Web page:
1.1. NeXus Introduction

NeXus [1] is an effort by an international group of scientists motivated to define a common data exchange format for neutron, X-ray, and muon experiments. NeXus is built on top of the scientific data format HDF5 and adds domain-specific rules for organizing data within HDF5 files in addition to a dictionary of well-defined domain-specific field names. The NeXus data format has three purposes:

  1. raw data: NeXus defines a format that can serve as a container for all relevant data associated with a scientific instrument or beamline. This is a very important use case. This includes the case of streaming data acquisition, where time stamped data are logged.

  2. processed data: NeXus also defines standards for processed data. This is data which has underwent some form of data reduction or data analysis. NeXus allows storing the results of such processing together with documentation about how the processed data was generated.

  3. standards: NeXus defines standards in the form of application definitions for the exchange of data between applications. NeXus provides standards for both raw and processed data.

A community of scientists and computer programmers working in neutron and synchrotron facilities around the world came to the conclusion that a common data format would fulfill a valuable function in the scattering community. As instrumentation becomes more complex and data visualization becomes more challenging, individual scientists, or even institutions, find it difficult to keep up with new developments. A common data format makes it easier, both to exchange experimental results and to exchange ideas about how to analyze them. It promotes greater cooperation in software development and stimulates the design of more sophisticated visualization tools. Additional background information is given in the chapter titled Brief history of NeXus.

This section is designed to give a brief introduction to NeXus, the data format and tools that have been developed in response to these needs. It explains what a modern data format such as NeXus is and how to write simple programs to read and write NeXus files.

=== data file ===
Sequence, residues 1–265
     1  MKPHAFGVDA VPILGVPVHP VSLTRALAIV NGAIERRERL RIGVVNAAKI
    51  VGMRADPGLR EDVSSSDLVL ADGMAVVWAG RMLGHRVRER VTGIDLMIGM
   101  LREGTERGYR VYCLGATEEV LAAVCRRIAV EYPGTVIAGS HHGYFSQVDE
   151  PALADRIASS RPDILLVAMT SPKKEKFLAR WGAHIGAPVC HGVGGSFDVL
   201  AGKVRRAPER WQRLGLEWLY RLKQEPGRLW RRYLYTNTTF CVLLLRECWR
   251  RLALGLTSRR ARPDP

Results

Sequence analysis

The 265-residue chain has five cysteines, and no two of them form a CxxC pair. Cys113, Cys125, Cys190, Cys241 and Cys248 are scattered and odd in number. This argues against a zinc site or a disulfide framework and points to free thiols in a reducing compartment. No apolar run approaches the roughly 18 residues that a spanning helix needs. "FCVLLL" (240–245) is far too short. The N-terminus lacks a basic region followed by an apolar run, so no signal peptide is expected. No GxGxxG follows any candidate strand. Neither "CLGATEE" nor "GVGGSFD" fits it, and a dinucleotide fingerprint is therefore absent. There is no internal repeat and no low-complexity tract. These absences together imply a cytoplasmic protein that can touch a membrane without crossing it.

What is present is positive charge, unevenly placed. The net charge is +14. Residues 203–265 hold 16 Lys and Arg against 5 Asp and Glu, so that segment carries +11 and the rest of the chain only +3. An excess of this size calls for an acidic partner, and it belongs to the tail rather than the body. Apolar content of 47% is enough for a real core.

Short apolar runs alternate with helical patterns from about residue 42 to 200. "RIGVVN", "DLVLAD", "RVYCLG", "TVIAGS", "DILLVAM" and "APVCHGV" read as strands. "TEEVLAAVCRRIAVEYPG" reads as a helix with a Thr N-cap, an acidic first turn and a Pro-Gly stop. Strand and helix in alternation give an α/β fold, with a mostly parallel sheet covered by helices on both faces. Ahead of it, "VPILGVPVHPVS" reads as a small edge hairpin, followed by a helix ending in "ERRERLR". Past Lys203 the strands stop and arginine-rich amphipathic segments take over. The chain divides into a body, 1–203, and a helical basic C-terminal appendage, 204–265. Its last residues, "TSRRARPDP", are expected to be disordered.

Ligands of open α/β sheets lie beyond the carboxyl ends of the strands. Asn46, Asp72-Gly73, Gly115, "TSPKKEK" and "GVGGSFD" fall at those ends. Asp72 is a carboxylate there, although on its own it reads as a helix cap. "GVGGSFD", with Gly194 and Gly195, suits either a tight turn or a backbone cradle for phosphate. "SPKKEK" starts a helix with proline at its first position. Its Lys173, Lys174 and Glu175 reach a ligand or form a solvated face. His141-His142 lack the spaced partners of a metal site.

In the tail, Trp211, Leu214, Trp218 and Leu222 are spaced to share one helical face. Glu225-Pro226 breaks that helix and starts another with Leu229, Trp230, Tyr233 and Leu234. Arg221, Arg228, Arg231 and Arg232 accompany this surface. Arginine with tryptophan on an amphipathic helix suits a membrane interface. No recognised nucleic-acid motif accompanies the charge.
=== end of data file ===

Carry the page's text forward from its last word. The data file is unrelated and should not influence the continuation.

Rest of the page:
The programmers who produce intermediate files for storing analyzed data should agree on simple interchange rules.

1.1.1. What is NeXus?

The NeXus data format has four components:

A set of design principles

to help people understand what is in the data files.

A set of data storage objects

(Base Class Definitions and Application Definitions) to allow the development of portable analysis software.

A set of subroutines

(Utilities and examples) to make it easy to read and write NeXus data files.

A Scientific Community

to provide the scientific data, advice, and continued involvement with the NeXus standard. NeXus provides a forum for the scientific community to exchange ideas in data storage.

In addition, NeXus relies on a set of low-level file formats to actually store NeXus files on physical media. Each of these components are described in more detail in the Physical File format section.

The NeXus Application-Programmer Interface (NAPI), which provides the set of subroutines for reading and writing NeXus data files, is described briefly in NAPI: The NeXus Application Programming Interface. (Further details are provided in the NAPI chapter.)

The principles guiding the design and implementation of the NeXus standard are described in the NeXus Design chapter.

Base classes, which comprise the data storage objects used in NeXus data files, are detailed in the Base Class Definitions chapter.

Additionally, a brief list describing the set of NeXus Utilities available to browse, validate, translate, and visualise NeXus data files is provided in the NeXus Utilities chapter. A Set of Design Principles

NeXus data files contain four types of entity: groups, fields, attributes, and links.


Groups are like folders that can contain a number of fields and/or other groups.


Fields can be scalar values or multidimensional arrays of a variety of sizes (1-byte, 2-byte, 4-byte, 8-byte) and types (characters, integers, floats). Fields are represented as HDF5 datasets.


Extra information required to describe a particular group or field, such as the data units, can be stored as a data attribute. Attributes can also be given at the file level of an HDF5 file.


Links are used to represent the same information in different places.

In fact, a NeXus file can be viewed as a computer file system. Just as files are stored in folders (or subdirectories) to make them easy to locate, so NeXus fields are stored in groups. The group hierarchy is designed to make it easy to navigate a NeXus file.

Example of a NeXus File

The following diagram shows an example of a NeXus data file represented as a tree structure.